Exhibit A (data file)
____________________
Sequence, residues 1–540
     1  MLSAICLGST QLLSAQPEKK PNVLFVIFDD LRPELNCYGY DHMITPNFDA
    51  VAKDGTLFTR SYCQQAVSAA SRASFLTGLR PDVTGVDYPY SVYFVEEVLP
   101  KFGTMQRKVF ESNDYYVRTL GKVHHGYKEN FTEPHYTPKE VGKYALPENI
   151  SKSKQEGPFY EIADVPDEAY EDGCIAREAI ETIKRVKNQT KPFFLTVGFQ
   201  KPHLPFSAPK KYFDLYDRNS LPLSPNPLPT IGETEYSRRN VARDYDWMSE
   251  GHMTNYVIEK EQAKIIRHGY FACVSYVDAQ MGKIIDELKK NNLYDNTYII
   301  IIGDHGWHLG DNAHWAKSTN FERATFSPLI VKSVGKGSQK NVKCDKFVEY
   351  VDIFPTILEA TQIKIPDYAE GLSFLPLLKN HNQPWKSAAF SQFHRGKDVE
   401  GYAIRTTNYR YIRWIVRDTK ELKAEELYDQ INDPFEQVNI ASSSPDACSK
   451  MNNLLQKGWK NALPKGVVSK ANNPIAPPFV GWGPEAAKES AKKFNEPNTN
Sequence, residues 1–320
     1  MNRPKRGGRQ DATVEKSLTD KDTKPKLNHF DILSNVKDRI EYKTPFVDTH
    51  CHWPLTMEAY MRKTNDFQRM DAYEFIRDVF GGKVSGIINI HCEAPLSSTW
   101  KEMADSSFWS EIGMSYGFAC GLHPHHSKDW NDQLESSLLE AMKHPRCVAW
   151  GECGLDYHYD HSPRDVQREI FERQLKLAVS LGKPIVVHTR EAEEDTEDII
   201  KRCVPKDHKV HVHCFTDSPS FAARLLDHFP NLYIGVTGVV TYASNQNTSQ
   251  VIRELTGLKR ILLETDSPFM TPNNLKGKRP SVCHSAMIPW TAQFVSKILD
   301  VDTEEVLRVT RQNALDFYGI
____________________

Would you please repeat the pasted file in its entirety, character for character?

Sequence, residues 1–540
     1  MLSAICLGST QLLSAQPEKK PNVLFVIFDD LRPELNCYGY DHMITPNFDA
    51  VAKDGTLFTR SYCQQAVSAA SRASFLTGLR PDVTGVDYPY SVYFVEEVLP
   101  KFGTMQRKVF ESNDYYVRTL GKVHHGYKEN FTEPHYTPKE VGKYALPENI
   151  SKSKQEGPFY EIADVPDEAY EDGCIAREAI ETIKRVKNQT KPFFLTVGFQ
   201  KPHLPFSAPK KYFDLYDRNS LPLSPNPLPT IGETEYSRRN VARDYDWMSE
   251  GHMTNYVIEK EQAKIIRHGY FACVSYVDAQ MGKIIDELKK NNLYDNTYII
   301  IIGDHGWHLG DNAHWAKSTN FERATFSPLI VKSVGKGSQK NVKCDKFVEY
   351  VDIFPTILEA TQIKIPDYAE GLSFLPLLKN HNQPWKSAAF SQFHRGKDVE
   401  GYAIRTTNYR YIRWIVRDTK ELKAEELYDQ INDPFEQVNI ASSSPDACSK
   451  MNNLLQKGWK NALPKGVVSK ANNPIAPPFV GWGPEAAKES AKKFNEPNTN
Sequence, residues 1–320
     1  MNRPKRGGRQ DATVEKSLTD KDTKPKLNHF DILSNVKDRI EYKTPFVDTH
    51  CHWPLTMEAY MRKTNDFQRM DAYEFIRDVF GGKVSGIINI HCEAPLSSTW
   101  KEMADSSFWS EIGMSYGFAC GLHPHHSKDW NDQLESSLLE AMKHPRCVAW
   151  GECGLDYHYD HSPRDVQREI FERQLKLAVS LGKPIVVHTR EAEEDTEDII
   201  KRCVPKDHKV HVHCFTDSPS FAARLLDHFP NLYIGVTGVV TYASNQNTSQ
   251  VIRELTGLKR ILLETDSPFM TPNNLKGKRP SVCHSAMIPW TAQFVSKILD
   301  VDTEEVLRVT RQNALDFYGI